The Supreme Court just heard oral arguments in a case challenging the “pre-clearance” provisions of Section 5 the Voting Rights Act. Pre-clearance requires that certain jurisdictions across the nation seek approval from the Department of Justice before altering voting qualifications or practices. Examples include changing the location of polling places, changing filing deadlines, or implementing new redistricting plans.
So-called “covered” jurisdictions include any state, county or town which implemented a “test or device” to restrict the franchise (like a literacy test), and where less than 50% of voting-age citizens were registered or voted in November 1964. Most of these places are southern states like Alabama and Texas, but much of New Hampshire, several counties in California, and three boroughs in New York City are also covered, for example.
Though the VRA in general and pre-clearance in particular are hallmarks of liberal voting reforms, Congress passed its most recent extension of the Act in 2006 with almost universal bipartisan support – 98-0 in the Senate and 390-33 in the House – after which it was signed by President Bush. However, a challenge to pre-clearance has now made it all the way up to the Supreme Court, and the prospects don’t look good for the law:
A central provision of the Voting Rights Act of 1965, designed to protect minorities in states with a history of discrimination, is at substantial risk of being struck down as unconstitutional, judging from the questioning on Wednesday at the Supreme Court.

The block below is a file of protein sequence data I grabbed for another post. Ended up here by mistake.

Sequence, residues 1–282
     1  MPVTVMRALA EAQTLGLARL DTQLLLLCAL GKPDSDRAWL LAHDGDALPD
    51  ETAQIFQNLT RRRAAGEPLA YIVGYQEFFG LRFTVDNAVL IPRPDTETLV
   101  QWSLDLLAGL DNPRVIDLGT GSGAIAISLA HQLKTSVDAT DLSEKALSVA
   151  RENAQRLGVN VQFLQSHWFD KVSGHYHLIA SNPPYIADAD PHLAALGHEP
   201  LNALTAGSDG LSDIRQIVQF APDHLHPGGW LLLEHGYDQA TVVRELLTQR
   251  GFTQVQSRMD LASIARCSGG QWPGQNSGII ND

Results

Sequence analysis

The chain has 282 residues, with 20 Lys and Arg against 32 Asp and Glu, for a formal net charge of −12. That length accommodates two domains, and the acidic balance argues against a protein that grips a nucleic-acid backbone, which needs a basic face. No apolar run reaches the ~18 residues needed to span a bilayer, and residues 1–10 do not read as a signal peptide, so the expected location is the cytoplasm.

Justice Anthony M. Kennedy, whose vote is likely to be crucial, was a vigorous participant in the argument, asking 17 questions that were almost consistently hostile to the approach Congress had taken to renewing the act in 2006.
“Congress has made a finding that the sovereignty of Georgia is less than the sovereign dignity of Ohio,” Justice Kennedy said. “The sovereignty of Alabama is less than the sovereign dignity of Michigan. And the governments in one are to be trusted less than the governments in the other.”
Kennedy and his fellow travelers (Alito in particular) seem to be upset that Congress hasn’t updated the formula for determining which jurisdictions should be covered since the VRA was first passed. Of course, Congress could change the criteria, but as the article notes, it would be politically difficult to do so.
As you may know, the Bush DOJ did its best to kill Section 5 – career attorneys at Justice, for instance, decided that Tom DeLay’s Texas gerrymander violated the VRA, but they were over-ruled by political appointees. Sadly, if the Supreme Court strikes down pre-clearance, Section 5 could simply die altogether.